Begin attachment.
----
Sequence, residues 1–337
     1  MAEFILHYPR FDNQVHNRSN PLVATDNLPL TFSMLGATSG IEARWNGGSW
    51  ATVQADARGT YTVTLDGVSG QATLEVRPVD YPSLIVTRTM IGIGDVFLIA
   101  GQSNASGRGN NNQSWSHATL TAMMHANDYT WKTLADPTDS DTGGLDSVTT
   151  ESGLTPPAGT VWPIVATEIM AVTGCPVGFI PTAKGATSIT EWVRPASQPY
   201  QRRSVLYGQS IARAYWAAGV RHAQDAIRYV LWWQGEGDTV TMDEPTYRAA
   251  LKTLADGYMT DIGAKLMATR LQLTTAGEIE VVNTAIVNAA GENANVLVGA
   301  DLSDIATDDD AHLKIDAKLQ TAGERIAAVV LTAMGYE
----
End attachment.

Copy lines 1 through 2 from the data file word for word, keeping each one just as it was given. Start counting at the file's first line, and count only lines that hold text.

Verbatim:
Sequence, residues 1–337
     1  MAEFILHYPR FDNQVHNRSN PLVATDNLPL TFSMLGATSG IEARWNGGSW